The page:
Time-lapse Video: Making of a Comic Panel

When I first started drawing, I was just using pen and paper. Now I have a tablet, a stylus pen, and Procreate, which has streamlined my work immensely. I can also do time-lapse videos of my work to show people the process of creating cartoons.

Take a look at one of my recent comics about my dog, Leeloo, and her inability to make decisions.

Creating Your Own Cartoon Character

TBTCartoon

Drawing by Heather Ledbetter

One of the hardest things to do when you want to create your own comic series is to come up with the character (or characters). The possibilities are endless, which means your journey is often going to be a long one to discover your perfect character design.

To begin, I recommend creating a folder or portfolio of characters that you love from popular cartoons, comic strips, and books. Ask yourself what features draw you to those characters? Is it the way the eyes are drawn, or is it the silly proportions? Start to compile a list of character styles that you enjoy looking at.

Next comes the sketchbook. Start drawing! Compile sketches of different feature combinations like big hands on skinny arms, small eyes set in a big head, realistic versus plain eyes. Doing a variety of combinations will help you start to eliminate the things that don’t work for you.

Once you come up with the basic concept for your character, start doing sketches of the character in different poses and positions. When drawing a comic you have to be able to give your character some amount of movement and expression, so practice creating movement and different angles of your character.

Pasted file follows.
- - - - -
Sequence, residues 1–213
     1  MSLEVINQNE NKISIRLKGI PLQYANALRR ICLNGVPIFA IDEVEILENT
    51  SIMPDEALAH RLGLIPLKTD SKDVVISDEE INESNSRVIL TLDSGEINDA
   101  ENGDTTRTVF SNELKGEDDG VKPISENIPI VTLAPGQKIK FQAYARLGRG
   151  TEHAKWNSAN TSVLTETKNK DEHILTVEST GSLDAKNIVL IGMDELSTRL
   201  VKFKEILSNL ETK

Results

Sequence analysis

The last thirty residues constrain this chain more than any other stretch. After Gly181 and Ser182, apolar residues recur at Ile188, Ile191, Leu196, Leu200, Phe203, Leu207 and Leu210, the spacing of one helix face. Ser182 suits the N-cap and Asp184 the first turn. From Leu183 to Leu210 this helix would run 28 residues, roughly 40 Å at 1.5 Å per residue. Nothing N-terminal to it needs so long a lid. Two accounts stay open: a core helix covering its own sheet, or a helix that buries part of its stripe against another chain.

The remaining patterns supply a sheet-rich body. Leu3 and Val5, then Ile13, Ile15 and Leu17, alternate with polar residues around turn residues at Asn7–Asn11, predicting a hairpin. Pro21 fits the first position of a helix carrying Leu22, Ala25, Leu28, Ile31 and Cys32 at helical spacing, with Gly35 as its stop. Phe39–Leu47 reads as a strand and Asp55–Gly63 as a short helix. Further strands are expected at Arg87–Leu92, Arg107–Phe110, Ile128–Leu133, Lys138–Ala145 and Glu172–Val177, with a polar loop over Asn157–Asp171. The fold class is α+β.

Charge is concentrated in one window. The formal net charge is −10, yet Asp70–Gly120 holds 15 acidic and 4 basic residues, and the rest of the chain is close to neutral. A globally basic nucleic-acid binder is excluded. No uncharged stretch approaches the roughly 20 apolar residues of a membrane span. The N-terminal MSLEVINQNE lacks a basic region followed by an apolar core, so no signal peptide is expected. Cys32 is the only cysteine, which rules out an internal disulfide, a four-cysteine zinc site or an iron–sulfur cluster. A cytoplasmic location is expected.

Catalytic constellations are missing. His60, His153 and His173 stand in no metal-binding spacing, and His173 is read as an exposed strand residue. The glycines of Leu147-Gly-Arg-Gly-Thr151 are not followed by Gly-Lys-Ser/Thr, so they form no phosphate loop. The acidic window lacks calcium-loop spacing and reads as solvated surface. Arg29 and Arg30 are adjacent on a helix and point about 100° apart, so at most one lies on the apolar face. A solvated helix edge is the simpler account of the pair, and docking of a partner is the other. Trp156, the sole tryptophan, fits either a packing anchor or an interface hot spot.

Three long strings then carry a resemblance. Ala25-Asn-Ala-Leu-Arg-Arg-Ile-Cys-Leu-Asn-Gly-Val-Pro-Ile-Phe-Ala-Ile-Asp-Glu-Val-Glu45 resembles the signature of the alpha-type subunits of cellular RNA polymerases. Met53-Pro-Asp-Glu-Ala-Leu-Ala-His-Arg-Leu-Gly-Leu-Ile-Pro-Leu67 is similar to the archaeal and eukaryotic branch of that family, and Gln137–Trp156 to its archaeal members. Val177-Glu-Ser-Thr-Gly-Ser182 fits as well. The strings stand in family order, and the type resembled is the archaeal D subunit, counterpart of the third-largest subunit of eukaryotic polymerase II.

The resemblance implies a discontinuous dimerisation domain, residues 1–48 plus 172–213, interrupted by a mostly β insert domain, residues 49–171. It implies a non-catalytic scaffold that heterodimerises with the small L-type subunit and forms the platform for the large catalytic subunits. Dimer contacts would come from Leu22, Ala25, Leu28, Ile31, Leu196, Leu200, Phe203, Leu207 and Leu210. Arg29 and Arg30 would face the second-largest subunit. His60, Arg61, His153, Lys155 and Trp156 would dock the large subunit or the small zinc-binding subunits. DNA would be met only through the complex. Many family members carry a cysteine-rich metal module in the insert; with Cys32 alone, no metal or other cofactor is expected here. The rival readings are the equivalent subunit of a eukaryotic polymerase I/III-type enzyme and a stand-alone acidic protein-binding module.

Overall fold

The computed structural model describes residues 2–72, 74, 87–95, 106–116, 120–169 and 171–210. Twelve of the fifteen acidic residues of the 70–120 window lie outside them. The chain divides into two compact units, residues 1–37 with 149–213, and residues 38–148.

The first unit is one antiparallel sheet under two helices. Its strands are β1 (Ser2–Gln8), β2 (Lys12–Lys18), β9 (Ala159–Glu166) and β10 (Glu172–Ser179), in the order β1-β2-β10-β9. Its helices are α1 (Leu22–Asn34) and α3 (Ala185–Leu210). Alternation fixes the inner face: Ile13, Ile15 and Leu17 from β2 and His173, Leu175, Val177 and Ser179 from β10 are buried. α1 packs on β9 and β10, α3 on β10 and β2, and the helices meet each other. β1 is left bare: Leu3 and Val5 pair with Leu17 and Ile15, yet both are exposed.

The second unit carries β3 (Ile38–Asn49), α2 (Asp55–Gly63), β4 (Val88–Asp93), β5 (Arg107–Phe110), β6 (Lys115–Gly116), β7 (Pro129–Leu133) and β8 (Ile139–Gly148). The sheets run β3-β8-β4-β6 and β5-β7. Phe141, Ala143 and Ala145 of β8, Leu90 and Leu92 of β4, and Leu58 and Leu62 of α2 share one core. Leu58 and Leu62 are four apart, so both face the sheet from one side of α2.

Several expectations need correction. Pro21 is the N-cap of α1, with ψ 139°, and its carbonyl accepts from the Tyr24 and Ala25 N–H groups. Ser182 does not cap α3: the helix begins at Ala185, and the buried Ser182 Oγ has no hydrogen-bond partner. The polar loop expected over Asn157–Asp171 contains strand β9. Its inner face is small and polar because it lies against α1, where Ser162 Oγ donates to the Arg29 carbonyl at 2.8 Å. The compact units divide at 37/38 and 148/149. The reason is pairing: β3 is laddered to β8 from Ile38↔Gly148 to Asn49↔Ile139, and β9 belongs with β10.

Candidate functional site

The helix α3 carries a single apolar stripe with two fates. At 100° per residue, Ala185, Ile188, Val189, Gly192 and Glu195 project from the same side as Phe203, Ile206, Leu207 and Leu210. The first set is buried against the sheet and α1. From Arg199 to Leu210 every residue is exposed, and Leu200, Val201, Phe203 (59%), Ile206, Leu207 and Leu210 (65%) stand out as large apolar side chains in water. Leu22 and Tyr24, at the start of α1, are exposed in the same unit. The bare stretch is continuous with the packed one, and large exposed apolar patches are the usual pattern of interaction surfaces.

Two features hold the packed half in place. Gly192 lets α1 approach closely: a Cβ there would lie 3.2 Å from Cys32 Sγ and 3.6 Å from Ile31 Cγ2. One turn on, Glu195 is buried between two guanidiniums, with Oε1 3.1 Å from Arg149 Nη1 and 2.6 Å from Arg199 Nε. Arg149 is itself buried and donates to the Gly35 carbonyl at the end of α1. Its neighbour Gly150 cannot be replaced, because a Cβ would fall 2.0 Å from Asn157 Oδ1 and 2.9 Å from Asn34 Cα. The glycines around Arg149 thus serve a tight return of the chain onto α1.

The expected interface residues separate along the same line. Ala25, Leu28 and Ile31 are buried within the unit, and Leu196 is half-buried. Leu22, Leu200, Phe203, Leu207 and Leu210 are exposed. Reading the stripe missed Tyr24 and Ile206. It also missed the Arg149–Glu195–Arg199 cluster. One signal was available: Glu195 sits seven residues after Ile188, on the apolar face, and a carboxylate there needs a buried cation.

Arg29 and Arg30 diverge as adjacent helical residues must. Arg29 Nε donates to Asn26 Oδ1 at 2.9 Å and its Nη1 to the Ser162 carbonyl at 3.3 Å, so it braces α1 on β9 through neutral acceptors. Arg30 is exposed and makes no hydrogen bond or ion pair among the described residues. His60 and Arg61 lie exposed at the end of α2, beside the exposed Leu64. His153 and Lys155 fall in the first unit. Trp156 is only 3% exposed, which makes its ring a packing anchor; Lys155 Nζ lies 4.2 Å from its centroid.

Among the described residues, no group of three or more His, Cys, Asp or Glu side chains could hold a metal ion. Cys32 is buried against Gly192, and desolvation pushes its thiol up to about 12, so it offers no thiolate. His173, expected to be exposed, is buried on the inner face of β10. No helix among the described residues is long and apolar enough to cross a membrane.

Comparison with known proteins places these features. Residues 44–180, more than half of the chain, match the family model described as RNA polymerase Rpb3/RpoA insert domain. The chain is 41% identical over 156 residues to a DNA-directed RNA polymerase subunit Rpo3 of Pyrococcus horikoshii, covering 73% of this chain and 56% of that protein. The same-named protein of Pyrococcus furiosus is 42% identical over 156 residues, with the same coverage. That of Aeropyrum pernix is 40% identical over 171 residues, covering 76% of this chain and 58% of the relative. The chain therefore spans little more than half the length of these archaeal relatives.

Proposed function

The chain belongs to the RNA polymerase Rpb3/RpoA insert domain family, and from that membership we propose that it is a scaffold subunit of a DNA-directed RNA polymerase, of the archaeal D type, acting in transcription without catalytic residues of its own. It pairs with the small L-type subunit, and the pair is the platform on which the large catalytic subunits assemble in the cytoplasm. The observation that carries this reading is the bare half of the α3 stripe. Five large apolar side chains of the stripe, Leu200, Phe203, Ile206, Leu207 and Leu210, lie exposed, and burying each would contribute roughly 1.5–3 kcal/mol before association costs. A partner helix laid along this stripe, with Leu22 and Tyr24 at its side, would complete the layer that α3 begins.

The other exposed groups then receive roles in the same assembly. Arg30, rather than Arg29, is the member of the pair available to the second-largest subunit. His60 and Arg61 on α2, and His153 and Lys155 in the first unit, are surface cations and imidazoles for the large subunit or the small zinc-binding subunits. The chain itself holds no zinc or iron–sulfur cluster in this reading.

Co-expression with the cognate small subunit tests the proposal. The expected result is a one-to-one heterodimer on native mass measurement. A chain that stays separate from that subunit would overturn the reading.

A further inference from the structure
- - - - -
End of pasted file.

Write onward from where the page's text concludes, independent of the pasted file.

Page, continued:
When you’re confident in your ability to “animate” your character, you can start doing the detail work. Smooth out your lines and decide on your final color palette. You can also decide on the environment your character will live in and how much effort you want to put into the surroundings.

Once your character comes to life, the only thing left to do is start telling their story!

Creating Comics

34686097_1313113698821367_4922289330195529728_oLately I’ve been focusing on creating more of my comics. I find that when I think too hard about it, I struggle to come up with content for my cartoons. I’m trying to balance creating illustrative comics for my book and just comics for the fun of it. I think focusing too much on the book illustrations will suck all the fun out of the process. I’m trying to temper fun with serious, nose-to-the-grindstone kind of work.

For kicks and giggles I sent a query letter and some of my work to a publisher in the off chance that it wont be thrown out immediately. Luckily I’m in no hurry to get a publisher, but I have to start somewhere. Worst case scenario is I self-publish. As long as my book gets out there so people can enjoy it, I’ll be happy.

I’ve thought about sending in some of my comic panels for syndication, but I need to do some grooming with those if I want to stand a chance at that happening. Illustrative comics that tell a story are different than your Sunday newspaper type comic panels. There should be solid characters and or a specific theme, like political or sports comic artists. Thanks to the internet though, many artists have an equal chance to get their stuff out there, even if it doesn’t follow the old school guidelines for syndication through a traditional publisher. You can create a website or use social media to get your work seen. A lot of self-made greatness is possible thanks to technology.